Monday, May 4, 2009

~~ Blue Monday Memories of Yore ~~

I was reading a blog this morn ... re pioneer women. I had to get out the diary. The ornaments take me back to the 'olden days' (much like G'ma Maggie).

It is a dismal, dark, dreary day here ... has been raining for 4 days & 2 to go ... what a perfect time to pen memories. I don't feel like cleaning anymore, but will finish later on.

When G'ma Maggie came over from Blackwater, Ireland, ca. 1908, she wore her hair like these ladies on the ornaments, & wore those kinds of long dresses. She was an absolute beauty. In Ireland she was trained to be a sales lady at the convent, Loretta Abbey of Gorey. When she arrived in this country she worked briefly as a sales lady in Portland, OR, before moving on to WA ST. There she became a cook in a mill ... her cook table is on an early post, which I treasure. G'ma met G'pa Bob at the mill (4-12-1910 wedding pic above). G'ma always wore her hair slicked back into a tight bun, she wore little prim hats with dainty flowers on the top of the brim ... I can still hear her echoing clicking heels coming down the hall at St. Joseph's.

The photo of the family in the 1918 Chevie was many cousins w/G'ma at the rear outer window side. Her children sat beside her. G'pa Bob was driving the car. Isn't that car fantastic?

G'ma Maggie was a strong, hard working woman. She had beautiful flower & veggie gardens, free of weeds always ... too often we had to do the weeding & we didn't like it one bit.

We took our wash down to her house every Sat. piled high on the little wagon, all 5 kids hanging onto the sides, as Mother pulled the wagon 6 blocks ... spending the entire day washing & scrubbing the clothes on that old scrub board ... that was hard work ... then rinsing the clothes in the tub of clear water & hanging them out to dry. G'ma & Mother worked side by side, they were very close. She made her own lye soap, we stirred that horrible stuff.

We would have fresh made jam sandwiches topped with the 'scum' of the jam (that was the best part) on that heavenly fresh baked bread ... yum. I can literally smell the yeasty aroma floating throughout the house, still. Occasionally G'ma would let us 'punch' the dough down. Even better yet, she would give us remnants of the dough to make brown sugar tarts ... we loved working in the kitchen creating our treats.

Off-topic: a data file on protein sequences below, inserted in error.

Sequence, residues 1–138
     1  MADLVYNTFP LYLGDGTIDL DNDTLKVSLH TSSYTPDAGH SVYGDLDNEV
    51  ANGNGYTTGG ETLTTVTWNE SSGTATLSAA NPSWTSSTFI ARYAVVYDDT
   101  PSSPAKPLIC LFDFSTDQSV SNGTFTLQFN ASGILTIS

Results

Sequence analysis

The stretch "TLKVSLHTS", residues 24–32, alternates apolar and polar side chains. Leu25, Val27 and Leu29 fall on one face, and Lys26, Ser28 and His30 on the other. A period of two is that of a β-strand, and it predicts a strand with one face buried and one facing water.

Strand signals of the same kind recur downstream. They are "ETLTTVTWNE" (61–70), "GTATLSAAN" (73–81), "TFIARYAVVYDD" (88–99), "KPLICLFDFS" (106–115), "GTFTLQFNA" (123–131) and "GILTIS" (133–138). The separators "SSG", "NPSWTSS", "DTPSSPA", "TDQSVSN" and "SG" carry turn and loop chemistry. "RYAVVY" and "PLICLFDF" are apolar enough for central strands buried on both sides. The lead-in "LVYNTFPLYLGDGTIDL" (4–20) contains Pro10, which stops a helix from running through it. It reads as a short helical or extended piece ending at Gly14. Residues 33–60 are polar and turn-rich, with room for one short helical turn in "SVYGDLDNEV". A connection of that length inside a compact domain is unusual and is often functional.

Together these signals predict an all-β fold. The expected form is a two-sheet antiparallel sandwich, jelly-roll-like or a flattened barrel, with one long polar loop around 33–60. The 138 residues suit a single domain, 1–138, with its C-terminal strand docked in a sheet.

It was great fun gathering the chicken eggs from the coop ... we loved playing with the baby chicks, chased the chickens around the yard, changing the nesting straw. The worst part was watching G'ma kill the chickens ... I used to cry horribly for those poor chicks, so eventually I wasn't allowed to go out when she was 'getting our dinner'.

G'ma would occasionally whip up her apron & as we 5 kids egged her on, & do the Irish jig for us. Sometimes she would speak in a heavy Irish brogue, or sing an Irish song ... we loved every single minute. It would be a great finishing touch to a long hard day.

We enjoyed laying under the lilac bush in G'mas front yard out of the heat as the gentle breeze cooled us ... too often getting fried because we fell asleep ... hence hardly able to waddle for days from the pain. I brought back a piece of the lilac bush in 1987 & it grows in my yard ... it is a true lilac, not a hybrid. At that time I also brought back some of her Mt. Bresius bulbs that bloomed beside the back step to the sun porch. I treasure each bloom every spring.